That’s America’s motto — and it can be your family’s motto, too.
Americans are supposed to work together as a team, but that can only happen when families at home choose to function as a team.
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(I tell my own kids, “Our family is a team. Huddle up, everyone, hands in the middle, all together now, ‘1, 2, 3, G-o-o-o-o-o Team R-i-i-i-i-i-ner!'”).
Your children might feel lonely if they’ve just started at a new school.
Your children might think no one else understands how they’re feeling.
Or, if your kids are struggling with virtual school, they might feel like you can’t relate, since you, their parents, never had to do that when you were little.
If they’re back in brick-and-mortar school, they still might think you don’t get it — “You never had to wear a mask all day long!”
Or they might be around teachers who insist on masking up for themselves.
Some of this may be technically true for your kids, but it doesn’t have to feel that way.
To help weave this into the fabric of your family, try incorporating “we” words into your speech — words like “us,” “team,” “group” and “pack.”
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Let’s scribble America’s motto on a piece of paper, tape it on the bathroom mirror and write it on our hearts — maybe even turn it into a chant or a song, just as a baseball team would.
Yes, there’s only one batter at a time — but the coach and teammates on the bench are just as much “in the game” as the player hoping to get on first base.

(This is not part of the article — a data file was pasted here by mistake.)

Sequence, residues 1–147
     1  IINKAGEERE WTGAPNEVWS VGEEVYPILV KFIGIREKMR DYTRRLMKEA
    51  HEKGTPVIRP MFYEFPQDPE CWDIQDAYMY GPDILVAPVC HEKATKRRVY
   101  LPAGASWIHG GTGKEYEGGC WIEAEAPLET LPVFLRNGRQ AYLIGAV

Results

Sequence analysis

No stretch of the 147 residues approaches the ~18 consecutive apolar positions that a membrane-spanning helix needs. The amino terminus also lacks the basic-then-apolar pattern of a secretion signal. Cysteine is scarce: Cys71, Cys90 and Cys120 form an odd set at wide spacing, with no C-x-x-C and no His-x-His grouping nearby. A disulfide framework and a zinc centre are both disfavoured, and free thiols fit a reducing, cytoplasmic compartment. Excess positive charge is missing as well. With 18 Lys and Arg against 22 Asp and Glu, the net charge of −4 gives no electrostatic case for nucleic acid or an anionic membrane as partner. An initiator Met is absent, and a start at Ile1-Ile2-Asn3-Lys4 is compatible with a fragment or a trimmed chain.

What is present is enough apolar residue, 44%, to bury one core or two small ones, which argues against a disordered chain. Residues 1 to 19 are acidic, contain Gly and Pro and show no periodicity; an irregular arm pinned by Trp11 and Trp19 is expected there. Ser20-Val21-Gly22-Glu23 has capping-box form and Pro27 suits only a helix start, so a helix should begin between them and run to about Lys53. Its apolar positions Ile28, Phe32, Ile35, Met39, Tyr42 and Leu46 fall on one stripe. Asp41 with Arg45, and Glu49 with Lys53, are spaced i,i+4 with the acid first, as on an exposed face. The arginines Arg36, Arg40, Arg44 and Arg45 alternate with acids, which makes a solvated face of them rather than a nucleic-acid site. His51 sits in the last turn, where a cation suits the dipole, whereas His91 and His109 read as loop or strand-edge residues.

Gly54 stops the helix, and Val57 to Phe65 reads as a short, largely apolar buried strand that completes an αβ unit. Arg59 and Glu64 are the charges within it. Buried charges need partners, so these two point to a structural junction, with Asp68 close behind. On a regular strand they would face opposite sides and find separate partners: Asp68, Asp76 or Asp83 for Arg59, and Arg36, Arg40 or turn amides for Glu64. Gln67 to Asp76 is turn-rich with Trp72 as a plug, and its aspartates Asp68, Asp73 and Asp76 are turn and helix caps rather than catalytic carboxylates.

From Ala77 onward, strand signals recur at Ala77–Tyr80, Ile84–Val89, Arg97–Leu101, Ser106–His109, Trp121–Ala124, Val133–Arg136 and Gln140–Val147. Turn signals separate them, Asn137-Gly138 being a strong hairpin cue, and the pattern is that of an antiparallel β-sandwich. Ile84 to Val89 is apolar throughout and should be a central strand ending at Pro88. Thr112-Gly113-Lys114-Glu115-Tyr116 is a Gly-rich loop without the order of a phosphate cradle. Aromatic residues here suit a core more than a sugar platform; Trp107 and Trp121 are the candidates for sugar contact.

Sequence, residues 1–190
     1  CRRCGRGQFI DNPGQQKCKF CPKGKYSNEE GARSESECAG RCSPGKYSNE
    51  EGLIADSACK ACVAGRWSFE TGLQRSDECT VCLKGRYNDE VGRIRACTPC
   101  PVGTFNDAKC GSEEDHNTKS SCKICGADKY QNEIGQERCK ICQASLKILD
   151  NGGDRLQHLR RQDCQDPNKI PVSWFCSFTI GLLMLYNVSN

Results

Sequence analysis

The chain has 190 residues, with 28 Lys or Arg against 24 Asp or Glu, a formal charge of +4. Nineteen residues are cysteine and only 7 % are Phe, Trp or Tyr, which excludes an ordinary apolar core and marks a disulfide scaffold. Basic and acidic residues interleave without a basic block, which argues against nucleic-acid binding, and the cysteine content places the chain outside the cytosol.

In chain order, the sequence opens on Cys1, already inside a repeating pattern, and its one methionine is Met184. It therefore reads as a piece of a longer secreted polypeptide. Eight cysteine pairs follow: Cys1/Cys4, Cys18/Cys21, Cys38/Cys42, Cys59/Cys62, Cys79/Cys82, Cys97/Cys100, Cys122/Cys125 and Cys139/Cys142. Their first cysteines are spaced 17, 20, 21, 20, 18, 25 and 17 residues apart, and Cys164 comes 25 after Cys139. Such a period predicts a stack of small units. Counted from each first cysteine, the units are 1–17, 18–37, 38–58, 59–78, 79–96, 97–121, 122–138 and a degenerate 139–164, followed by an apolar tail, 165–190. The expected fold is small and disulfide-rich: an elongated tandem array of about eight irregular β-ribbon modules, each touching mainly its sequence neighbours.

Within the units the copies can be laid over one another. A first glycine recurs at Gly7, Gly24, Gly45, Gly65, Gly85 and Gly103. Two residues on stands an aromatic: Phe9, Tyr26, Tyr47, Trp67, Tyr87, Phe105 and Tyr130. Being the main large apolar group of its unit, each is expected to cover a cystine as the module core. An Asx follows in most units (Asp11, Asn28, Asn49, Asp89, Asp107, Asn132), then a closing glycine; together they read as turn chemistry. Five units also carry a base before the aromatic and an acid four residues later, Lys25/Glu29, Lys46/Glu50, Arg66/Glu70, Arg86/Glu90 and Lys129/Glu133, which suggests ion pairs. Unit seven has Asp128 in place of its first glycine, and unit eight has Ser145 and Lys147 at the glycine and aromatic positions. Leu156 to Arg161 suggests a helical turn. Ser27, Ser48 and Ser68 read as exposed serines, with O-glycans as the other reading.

To help your children understand how special and unique they are, make thumbprints of them, yourself and your other family members.
No two fingerprints are the same!
The biometrics industry is evidence of that.
While your kids might be too little to appreciate the retina scan, let’s show our children that we need their unique eyes and their unique hands on this world.
Here’s another activity to try with your kids: Take out a puzzle you enjoy working on together.
Put all of the pieces together except one.
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Is the picture complete? No!
You need the missing piece to get the full picture.
Same goes with our little ones. They are all an essential piece of our American puzzle.
Invite your kids on a walk. A walk can help break up the day (plus research shows it’s good for the brain) if you school at home.
If your kids go to brick-and-mortar school, try inviting them on a walk when they return home. Once outside, take some steps (in a safe part) on the street.
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What do they see? Maybe some cracks in the sidewalk, perhaps some dirt, maybe even a piece of gum stuck to the road.
When they look at those things, how does that make them feel?
What do they see when they look up? Blue sky? Clouds? Tree branches? Houses? Birds flying?
When we hang our heads in despair, nothing good comes from that.
We see what’s dirty, what’s rough, what’s chewed up and spit out.
But if we choose to look up, our spirits are lifted, we can imagine — and we are encouraged.
“In God We Trust” is printed on our money.
Do we imprint it on our hearts?